Perhaps surprisingly, Willson reserved his highest level of design detail for the hotel’s new coffee shop, which was styled to evoke the atmosphere of an historic English pub. The dark-stained woodwork and heavy tile created one of Bozeman’s most unique and inviting interior spaces. Other public areas included a mezzanine-level writing room, and a barbershop and beauty salon in the basement.
The hotel’s upper floors included a total of 76 guest rooms, both with and without full baths. Several rooms on the second floor were created specifically for traveling salesmen, giving them added space to display product samples. Eight small rental apartments occupied the top floor.
Construction work on the Baxter continued through 1928, and the hotel was finally ready for occupancy in 1929. The building formally opened to the public on March 16, 1929, an event described by the Bozeman Daily Chronicle as “really an epoch in the history of our city.” That night, some 250 invited guests enjoyed an elegant banquet and dance to commemorate the grand event.
A couple of months later, the building received a dramatic final touch — a 32-foot-high neon advertising sign atop its roof. The sign’s 400 feet of neon tubing proudly announced the Baxter name, its letters large enough to be seen for miles. (Somewhat improbably, the sign maker claimed that the neon glow could reach all the way to the Butte hill, some 70 miles away.)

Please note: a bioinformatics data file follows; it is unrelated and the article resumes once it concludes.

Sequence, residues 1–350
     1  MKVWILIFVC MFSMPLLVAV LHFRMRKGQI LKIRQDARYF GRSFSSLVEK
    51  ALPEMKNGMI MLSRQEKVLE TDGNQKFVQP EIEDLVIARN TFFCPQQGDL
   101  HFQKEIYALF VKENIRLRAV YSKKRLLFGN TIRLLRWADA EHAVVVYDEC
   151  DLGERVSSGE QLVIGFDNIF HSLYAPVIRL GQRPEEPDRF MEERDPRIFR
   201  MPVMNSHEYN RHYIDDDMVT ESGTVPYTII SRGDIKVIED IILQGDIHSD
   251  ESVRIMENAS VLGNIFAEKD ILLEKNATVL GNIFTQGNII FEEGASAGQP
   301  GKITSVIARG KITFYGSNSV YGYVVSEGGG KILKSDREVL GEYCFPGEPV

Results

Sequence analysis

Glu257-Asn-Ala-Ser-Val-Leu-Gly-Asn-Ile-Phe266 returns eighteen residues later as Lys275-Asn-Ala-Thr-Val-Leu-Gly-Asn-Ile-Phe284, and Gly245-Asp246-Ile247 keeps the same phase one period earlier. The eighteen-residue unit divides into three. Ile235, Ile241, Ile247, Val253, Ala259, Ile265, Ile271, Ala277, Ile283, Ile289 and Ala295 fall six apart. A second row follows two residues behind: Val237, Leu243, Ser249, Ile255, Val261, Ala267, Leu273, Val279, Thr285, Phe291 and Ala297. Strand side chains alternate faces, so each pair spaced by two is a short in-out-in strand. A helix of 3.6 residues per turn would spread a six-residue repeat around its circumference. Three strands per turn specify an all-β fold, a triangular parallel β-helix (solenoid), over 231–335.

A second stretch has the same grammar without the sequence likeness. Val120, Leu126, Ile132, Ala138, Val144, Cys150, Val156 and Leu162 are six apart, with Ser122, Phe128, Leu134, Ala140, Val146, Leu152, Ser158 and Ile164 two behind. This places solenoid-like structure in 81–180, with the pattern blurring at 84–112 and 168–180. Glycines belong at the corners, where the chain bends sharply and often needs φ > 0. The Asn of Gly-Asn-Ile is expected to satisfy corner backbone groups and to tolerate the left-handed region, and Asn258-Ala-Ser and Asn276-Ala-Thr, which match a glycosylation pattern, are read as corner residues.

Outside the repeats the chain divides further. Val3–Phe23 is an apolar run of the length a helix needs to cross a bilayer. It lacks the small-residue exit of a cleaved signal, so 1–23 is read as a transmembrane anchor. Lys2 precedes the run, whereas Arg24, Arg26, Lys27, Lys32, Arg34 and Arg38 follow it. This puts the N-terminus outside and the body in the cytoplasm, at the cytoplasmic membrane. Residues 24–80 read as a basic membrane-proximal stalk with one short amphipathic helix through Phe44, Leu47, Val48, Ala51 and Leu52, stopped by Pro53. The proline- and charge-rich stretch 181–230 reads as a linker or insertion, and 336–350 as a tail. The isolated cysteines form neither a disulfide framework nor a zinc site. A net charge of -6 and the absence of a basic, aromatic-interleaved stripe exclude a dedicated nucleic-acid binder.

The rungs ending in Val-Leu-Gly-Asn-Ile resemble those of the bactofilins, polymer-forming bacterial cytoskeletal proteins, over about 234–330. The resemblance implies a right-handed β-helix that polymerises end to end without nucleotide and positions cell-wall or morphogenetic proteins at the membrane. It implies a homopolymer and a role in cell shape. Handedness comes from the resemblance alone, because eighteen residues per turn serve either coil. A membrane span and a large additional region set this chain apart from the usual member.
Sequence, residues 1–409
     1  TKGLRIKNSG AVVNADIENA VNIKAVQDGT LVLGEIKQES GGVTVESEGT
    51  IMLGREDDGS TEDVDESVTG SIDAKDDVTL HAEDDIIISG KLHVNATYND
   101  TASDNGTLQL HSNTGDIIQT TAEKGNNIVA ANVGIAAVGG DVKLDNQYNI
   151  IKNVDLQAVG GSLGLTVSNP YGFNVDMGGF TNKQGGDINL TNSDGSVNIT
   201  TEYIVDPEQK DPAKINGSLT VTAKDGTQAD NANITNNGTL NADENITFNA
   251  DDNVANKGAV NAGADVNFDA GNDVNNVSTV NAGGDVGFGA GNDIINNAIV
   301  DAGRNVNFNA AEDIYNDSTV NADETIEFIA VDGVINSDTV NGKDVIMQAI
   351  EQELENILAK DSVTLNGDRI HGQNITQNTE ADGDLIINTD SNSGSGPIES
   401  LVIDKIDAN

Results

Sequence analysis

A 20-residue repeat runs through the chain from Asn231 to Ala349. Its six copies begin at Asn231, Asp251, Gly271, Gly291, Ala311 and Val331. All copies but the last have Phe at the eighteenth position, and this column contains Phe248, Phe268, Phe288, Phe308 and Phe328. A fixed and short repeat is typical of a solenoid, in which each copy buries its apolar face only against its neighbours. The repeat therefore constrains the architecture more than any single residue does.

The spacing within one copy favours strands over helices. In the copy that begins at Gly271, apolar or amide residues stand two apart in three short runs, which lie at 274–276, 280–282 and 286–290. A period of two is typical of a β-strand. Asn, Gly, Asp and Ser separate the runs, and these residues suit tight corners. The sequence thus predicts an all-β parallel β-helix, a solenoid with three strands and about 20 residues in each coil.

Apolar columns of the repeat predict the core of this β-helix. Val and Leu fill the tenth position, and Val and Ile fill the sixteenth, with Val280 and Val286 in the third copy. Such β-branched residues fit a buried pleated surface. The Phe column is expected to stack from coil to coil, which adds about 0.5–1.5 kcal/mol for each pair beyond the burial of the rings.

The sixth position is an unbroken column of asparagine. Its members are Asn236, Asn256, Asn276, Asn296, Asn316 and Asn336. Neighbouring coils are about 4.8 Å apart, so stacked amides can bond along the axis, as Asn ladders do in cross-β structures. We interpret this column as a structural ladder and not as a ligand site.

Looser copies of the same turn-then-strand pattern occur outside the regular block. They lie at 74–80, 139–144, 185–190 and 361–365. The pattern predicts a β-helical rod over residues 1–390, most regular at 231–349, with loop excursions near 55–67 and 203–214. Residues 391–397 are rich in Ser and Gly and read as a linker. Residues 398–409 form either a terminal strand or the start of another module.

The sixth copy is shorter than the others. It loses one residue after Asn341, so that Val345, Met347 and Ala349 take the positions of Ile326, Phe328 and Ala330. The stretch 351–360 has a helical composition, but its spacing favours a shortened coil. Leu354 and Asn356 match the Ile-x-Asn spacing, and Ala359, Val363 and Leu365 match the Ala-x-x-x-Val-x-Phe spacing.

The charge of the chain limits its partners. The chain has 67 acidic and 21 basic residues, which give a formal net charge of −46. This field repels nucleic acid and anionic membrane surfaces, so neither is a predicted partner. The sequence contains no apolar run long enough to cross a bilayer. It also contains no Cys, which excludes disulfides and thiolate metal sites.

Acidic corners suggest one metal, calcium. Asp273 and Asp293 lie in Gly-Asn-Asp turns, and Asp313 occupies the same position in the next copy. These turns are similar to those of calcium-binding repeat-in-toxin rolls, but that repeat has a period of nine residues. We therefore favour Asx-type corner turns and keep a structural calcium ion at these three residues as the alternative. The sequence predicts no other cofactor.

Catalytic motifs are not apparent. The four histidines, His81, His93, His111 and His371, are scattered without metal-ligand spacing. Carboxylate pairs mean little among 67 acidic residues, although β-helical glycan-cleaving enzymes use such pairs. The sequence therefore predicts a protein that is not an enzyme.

For the next fifty years, the Baxter remained Bozeman’s Main Street landmark and its favorite place to stay, though the great neon sign went dark sometime in the 60s or 70s. And by that time, America’s travel tastes had changed; most travelers now arrived in town by car, and preferred the new motel buildings that dotted the outskirts of town.
Realizing this trend, the Baxter’s owners decided in 1981 that it was finally time to shutter the hotel, and by the following year the building’s upper floors had been converted to residential condominiums. The great public spaces on the main floor endured, though, and with recent restoration work the grand lobby now looks as good as ever. It remains the most imposing public space in downtown Bozeman, a meeting place for the twenty-first century, and generations to come.
And what of the building’s giant neon sign, once visible for miles around? Though the neon was dark for decades, recent generations of Bozemanites have still looked to the Baxter’s roof at night — looking for the famous blue light that alerts skiers of new Bridger Bowl snow. But the blue light will once again have company in 2013, now that the original Baxter Hotel neon has been lovingly and meticulously restored. An official “re-lighting” ceremony for the old sign is scheduled for the evening of January 10th, so be sure to look up as you walk along Main Street.
Mark Hufstetler arrived in Bozeman as a hopeful college student nearly thirty years ago, promptly fell in love with the place, and has been here ever since. He is a professional historian and small business owner, and is the chair of the City of Bozeman’s Historic Preservation Advisory Board.